This is a timed quiz. You will be given 400 seconds to answer all questions. Are you ready?
When Longfellow was Professor of Modern Languages at Harvard College he was accustomed to amuse himself by giving more or less simple arithmetical puzzles to the students. Here is an example: If one-fifth of a hive of bees flew to the ladamba flower, one-third flew to the slandbara, three times the difference of these two numbers flew to an arbor, and one bee continued to fly about, attracted on each side by the fragrant ketaki and the malati, what was the number of bees?
The number of bees must have been 15.
Me and Bill," said Casey, "can do the job for you in ten days, but give me Alec instead of Bill, and we can get it done in nine days."
Alec could do the work in 1433/49 days; Bill in 17 23/41 days; and Casey in 23 7/31 days
A correspondent (c. H. P.) puts the following little question: An Australian farmer dies and leaves his sheep to his three sons. Alfred is to get 20 per cent more than John, and 25 per cent more than Charles. John's share is 3,600 sheep. How many sheep does Charles get? Perhaps readers may like to give this a few moments' consideration.
The share of Charles is 3,456 sheep. Probably some readers will first have found Alfred's share, and then subtracted 25 per cent, but this will, of course, be wrong.
A travelling menagerie contained two freaks of nature-a four-footed bird and a six-legged calf. An attendant was asked how many birds and beasts there were in the show, and he said: "Well, there are 36 heads and 100 feet altogether. You can work it out for yourself." How many were there?
As the menagerie contained two monstrosities-the four-footed bird and the six-legged calf-there must have been 24 birds and 12 beasts in all.
The driver of the taxicab was wanting in civility, so Mr. Wilkins askecl him for his number. "You want my number, do you?" said the driver. "Well, work it out for yourself. If you divide my number by 2, 3, 4, 5, or 6 you will find there is always lover; but if you divide it by II there ain't no remainder. What's more, there is no other driver with a lower number who can say the same." What was the fellow's number?
The driver's number must have been 121.
A printer had an order for 10,000 bill forms per month, but each month the name of the particular month had to be altered: that is, he printed 10,000 "JANUARY," 10,000 "FEBRUARY," 10,000 "MARCH," etc.; but as the particular types with which these words were to be printed had to be specially obtained and were expensive, he only purchased just enough movable types to enable him, by interchanging them, to print in turn the whole of the months of the year. How many separate types did he purchase? Of course, the words were printed throughout in capital letters, as shown.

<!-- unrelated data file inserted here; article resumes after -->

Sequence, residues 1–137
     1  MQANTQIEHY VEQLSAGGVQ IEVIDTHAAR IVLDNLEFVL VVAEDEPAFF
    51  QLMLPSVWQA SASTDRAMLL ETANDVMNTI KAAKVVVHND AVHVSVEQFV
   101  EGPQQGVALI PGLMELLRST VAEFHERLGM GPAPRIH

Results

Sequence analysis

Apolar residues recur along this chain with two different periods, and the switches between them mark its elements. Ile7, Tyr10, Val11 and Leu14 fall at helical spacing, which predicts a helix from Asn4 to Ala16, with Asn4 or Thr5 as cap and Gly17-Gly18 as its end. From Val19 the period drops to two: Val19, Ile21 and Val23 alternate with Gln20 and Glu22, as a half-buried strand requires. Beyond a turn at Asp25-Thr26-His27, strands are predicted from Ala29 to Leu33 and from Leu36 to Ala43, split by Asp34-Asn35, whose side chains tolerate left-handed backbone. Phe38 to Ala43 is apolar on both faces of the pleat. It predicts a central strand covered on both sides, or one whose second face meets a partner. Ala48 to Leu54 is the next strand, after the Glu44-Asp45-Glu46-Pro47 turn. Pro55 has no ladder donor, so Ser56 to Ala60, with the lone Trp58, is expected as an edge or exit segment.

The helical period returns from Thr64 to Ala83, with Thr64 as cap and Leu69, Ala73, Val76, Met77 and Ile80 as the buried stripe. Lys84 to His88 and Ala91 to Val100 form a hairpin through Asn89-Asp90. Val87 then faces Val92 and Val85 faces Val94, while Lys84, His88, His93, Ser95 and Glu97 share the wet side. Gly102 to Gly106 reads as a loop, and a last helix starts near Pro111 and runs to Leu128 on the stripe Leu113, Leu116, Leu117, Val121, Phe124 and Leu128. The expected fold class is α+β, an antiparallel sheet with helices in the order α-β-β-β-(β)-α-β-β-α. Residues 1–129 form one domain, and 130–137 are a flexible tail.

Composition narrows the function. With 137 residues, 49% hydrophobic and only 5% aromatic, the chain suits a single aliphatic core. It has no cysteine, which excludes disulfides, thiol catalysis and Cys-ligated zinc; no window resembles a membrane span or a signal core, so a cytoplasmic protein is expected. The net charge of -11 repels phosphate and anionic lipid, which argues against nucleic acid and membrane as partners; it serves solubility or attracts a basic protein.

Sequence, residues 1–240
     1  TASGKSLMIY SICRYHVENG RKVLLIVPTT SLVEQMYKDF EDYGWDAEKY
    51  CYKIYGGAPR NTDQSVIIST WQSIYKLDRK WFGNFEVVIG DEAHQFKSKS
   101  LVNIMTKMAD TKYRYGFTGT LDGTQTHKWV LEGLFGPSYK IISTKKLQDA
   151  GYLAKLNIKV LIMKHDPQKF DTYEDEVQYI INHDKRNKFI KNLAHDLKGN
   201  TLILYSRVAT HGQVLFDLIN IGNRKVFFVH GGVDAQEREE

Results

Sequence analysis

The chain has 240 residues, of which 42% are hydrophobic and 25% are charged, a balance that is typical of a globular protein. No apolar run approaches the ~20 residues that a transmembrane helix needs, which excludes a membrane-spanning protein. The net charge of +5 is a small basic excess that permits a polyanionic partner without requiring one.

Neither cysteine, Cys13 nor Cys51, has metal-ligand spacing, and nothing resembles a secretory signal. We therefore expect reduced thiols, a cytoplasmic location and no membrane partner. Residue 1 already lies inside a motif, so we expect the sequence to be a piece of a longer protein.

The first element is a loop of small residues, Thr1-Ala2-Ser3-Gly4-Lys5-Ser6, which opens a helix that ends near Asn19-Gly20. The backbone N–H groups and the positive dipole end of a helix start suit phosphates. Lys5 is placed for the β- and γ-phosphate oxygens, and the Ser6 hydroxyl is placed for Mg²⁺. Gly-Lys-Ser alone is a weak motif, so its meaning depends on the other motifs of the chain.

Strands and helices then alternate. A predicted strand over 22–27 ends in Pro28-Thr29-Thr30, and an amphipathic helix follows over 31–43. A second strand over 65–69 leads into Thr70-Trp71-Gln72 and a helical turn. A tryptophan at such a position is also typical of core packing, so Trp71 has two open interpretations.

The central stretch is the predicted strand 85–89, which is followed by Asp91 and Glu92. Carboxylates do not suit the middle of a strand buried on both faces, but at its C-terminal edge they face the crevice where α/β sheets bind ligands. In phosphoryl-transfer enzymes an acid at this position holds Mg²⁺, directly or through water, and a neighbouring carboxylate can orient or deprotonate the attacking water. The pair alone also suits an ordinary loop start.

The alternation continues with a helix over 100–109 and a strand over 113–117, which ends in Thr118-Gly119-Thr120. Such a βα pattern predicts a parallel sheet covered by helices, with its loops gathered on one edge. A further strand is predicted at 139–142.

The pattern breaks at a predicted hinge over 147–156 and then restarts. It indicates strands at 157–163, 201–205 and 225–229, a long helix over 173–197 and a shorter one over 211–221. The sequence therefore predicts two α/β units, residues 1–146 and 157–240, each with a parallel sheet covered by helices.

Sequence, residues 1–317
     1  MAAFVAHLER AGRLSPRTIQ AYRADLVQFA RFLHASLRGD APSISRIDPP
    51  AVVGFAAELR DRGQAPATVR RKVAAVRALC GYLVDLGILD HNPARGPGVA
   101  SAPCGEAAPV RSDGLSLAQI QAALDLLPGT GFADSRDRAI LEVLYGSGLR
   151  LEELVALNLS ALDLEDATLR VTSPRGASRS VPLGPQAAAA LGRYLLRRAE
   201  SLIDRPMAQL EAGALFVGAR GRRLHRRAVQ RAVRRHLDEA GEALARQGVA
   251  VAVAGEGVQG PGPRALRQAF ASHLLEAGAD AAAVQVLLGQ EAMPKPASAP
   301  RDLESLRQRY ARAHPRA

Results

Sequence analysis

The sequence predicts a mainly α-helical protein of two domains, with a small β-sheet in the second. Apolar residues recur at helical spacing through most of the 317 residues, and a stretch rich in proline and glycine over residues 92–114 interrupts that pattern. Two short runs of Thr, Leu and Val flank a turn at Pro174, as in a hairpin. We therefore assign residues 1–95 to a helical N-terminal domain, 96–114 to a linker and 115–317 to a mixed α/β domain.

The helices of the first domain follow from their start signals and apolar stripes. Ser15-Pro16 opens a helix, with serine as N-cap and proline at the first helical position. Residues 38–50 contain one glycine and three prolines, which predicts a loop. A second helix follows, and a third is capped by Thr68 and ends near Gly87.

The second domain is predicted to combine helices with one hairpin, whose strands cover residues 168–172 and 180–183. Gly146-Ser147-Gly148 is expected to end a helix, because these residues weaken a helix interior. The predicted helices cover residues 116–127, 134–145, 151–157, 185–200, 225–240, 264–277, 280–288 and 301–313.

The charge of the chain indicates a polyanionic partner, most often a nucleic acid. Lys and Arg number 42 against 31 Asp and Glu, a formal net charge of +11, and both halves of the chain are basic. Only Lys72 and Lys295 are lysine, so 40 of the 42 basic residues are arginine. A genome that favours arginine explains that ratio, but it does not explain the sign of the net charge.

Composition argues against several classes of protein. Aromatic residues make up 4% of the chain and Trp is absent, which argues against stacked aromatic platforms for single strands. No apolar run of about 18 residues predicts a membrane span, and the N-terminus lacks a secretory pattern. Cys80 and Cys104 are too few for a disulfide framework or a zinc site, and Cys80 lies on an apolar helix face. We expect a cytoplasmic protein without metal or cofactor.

The printer must have purchased the following twenty-seven types:
A salesman packs his dog biscuits (all of one quality) in boxes containing 16, 17, 23, 24, 39, and 40 Ibs. respectively, and he will not sell them in any other way, or break into a box. A customer asked to be supplied with 100 Ibs. of the biscuits. Could you have carried out the order? If not, how near could you have got to making up the 100 Ibs.? Of course, he has an ample supply of boxes of each size.
The salesman supplied four boxes of 17 Ibs. each, and two boxes of 16 Ibs. each, which would make exactly the 100 Ibs. required
Alfred and Bill together can do a piece of work in twenty-four days. If Alfred can do only two-thirds as much as Bill, how long will it take each of them to do the work alone?
Here is an example of the elegant way in which Bhaskara, in his great work, Lilivati, in 1150, dressed his little puzzles: The square root of half the number of bees in a swarm has flown out upon a jessamine bush; eight-ninths of the whole swarm has remained behind; one female bee flies about a male that is buzzing within the lotus flower into which he was allured in the night by its sweet odor, but is now imprisoned in it. Tell me the number of bees.
There were seventy-two bees.
Some sheep stealers made a raid and carried off one-third of the flock of sheep and one-third of a sheep. Another party stole one-fourth of what remained and one-fourth of a sheep. Then a third party of raiders carried off one-fifth of the remainder and three-fifths of a sheep, leaving 409 behind. What was the number of sheep in the flock?
The number of sheep in the flock must have been 1,025. It will be found that no mutilation of any sheep was necessary.